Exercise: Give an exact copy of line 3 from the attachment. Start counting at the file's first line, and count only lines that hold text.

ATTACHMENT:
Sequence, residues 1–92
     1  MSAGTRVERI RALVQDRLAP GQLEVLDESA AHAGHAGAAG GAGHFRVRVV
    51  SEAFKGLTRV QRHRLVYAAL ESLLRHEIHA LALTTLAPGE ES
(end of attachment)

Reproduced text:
    51  SEAFKGLTRV QRHRLVYAAL ESLLRHEIHA LALTTLAPGE ES